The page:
Five Ways to Showcase the Versatility of Seafood

Five Ways to Showcase the Versatility of Seafood

Sustainable seafood and global flavors are very on-trend right now. Not surprisingly, today’s chefs are menuing items that combine both of these culinary directions.

Here are Five Ways to Showcase the Versatility of Seafood

1. Make the familiar bold

Consumers are looking for global or ethnic seafood dishes, says James DeFraga, executive chef at AquaKnox in Las Vegas. “People tend to look for familiar flavors, but executed in a creative way,” he says. “Our menu is a fusion of many ethnic or global dishes with seafood as the staple.”

One popular menu item is Ora King Salmon, which DeFraga says melds Asian influences and flavors. The salmon is grilled and glazed with a kabayaki eel sauce served with Chinese black forbidden rice and carrot-miso sauce. “This dish was inspired by different ingredients found in Asian cooking,” he says. “When composing a dish, I always base the plates on how different flavor profiles go together regardless of the region.”

2. Highlight the lighter protein

Some chefs are looking at seafood as a focus not just for global flavors but for the entire menu as well. In June, Underbelly, a Houston restaurant that offered beef as the main protein, announced it was no longer buying whole cows and was changing the focus of its menu to encompass lighter seafood selections. The idea was for the kitchen staff “to dig deep into the cultures that exist in Houston.” That means different proteins, including seafood, in nontraditional dishes.

Gary Ly, chef de cuisine at Underbelly explains, “We try to look at a traditional dish of a certain cuisine and incorporate what we would like to eat with it.” Some examples include:

  • Crawfish Empanada with Chipotle Crema. While empanadas are traditionally stuffed with pork, beef or goat, Underbelly created a lighter version stuffed with crawfish.
  • Korean Fried Soft-Shell Crab. Korean fried chicken is something that is now being done all over the country. Underbelly puts a seafood spin on the classic dish by replacing the chicken with soft-shell crabs while they are in season.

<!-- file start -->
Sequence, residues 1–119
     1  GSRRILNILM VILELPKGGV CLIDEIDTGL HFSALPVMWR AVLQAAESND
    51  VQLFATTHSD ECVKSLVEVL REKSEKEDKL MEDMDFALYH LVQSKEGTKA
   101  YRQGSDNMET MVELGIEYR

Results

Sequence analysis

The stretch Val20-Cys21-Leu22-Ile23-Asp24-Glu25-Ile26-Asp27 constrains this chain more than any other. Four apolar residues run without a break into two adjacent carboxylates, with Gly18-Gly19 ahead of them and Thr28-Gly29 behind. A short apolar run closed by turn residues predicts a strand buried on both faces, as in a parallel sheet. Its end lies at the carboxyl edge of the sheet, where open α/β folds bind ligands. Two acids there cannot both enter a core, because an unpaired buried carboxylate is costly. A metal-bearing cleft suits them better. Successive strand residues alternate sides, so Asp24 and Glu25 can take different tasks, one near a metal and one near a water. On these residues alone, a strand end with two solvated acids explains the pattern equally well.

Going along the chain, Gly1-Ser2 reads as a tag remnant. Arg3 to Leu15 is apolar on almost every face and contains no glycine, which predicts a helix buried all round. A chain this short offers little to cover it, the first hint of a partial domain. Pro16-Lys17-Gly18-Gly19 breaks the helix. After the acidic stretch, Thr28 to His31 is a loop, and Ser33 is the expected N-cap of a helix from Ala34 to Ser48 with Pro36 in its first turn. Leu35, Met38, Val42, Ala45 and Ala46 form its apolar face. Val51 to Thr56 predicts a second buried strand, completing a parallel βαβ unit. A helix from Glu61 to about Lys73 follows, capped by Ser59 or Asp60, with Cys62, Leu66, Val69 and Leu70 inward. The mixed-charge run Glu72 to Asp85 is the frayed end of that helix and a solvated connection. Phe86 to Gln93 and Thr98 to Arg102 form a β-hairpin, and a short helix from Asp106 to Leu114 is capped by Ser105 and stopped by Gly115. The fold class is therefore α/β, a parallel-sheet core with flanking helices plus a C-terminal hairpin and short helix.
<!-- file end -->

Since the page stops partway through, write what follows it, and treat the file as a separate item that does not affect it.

3. Turn the Charcuterie into “Seacuterie”

Seafood can be a stand-in not only for other proteins but also for entire presentations. For example, a charcuterie board with meats and cheeses as a shareable appetizer is on-trend now, as is the seafood version, or “seacuterie.”

  • PB Catch Seafood and Raw Bar in Palm Beach, Fla., offers its “Food-On-A-Board” experience. Customers can choose among Cured White Tuna, Salmon Pastrami, House-Smoked Fish Dip and other seafoods.
  • Southpark Seafood, also in Portland, menus Smoked Fish Board among its charcuterie options. Customers can choose the fish they want, which gives the server an opportunity to talk about sustainable seafood. “We live, breathe and cook Pacific Northwest, and we love having the opportunity to show our love of the land and sea to anyone and everyone,” says Jason Gerlt, general manager.

4. Let Seafood be the surprise star of the dish

Chefs can get creative not only in presentation and cooking methods, but also in menuing seafood in preparations where one might expect to find another traditional ingredient. For example:

  • Rockfish Parmesan is fresh rockfish that is Parmesan breaded, topped with beurre blanc sauce and crispy capers, served with mascarpone polenta and broccoli Alfredo. (Seasons and Regions, Portland)
  • Lobster Burger with Belgian Fries and aioli sauce and Eggs Benedict with smoked salmon or ham and mixed greens (Et Voila!, a Belgian and French restaurant in Washington, D.C.)
  • Smoked mackerel fried rice and Maine crab fried rice (Long Grain in Camden, Maine)
  • At Gather in Boston, the Lobster Cobb has baby iceberg lettuce, chopped bacon, hard cooked egg, Gorgonzola, cherry tomato, avocado and green goddess dressing

5. Take Advantage of Trending Global Cuisines

According to the National Restaurant Association’s What’s Hot 2017 Culinary Forecast, Authentic Ethnic Cuisine, African flavors and Ethnic Fusion cuisine rank among the top trends in global flavors. Tilapia, which is sourced through aquaculture and is a very versatile white fish, features prominently on menus of some global-themed restaurants.

  • Appioo African Bar & Grill in Washington, D.C., serves Ghanaian dishes such as tilapia marinated in fresh ginger seasoning, served grilled or fried, with a choice of sides including jollof rice (rice with vegetable stew), waakye (cooked rice and beans), fried plantain, fried or boiled yams or banku (fermented corn and cassava dough).
  • African Grill in Denver serves baked or fried tilapia with salad, plantains or jollof and fufu (a ball of dough made with cassava and green plantain flour).
  • Rainbow African Grill in Gaithersburg, Md., offers tilapia pepper soup with fufu or rice and plantains.

Whether it’s as a stand-in for chicken, beef or other protein, or as a protein that is a staple in home-cooked foods from another region of the world, seafood can play an important role in ethnic and globally inspired menus.

Allied content by Penton Restaurant Group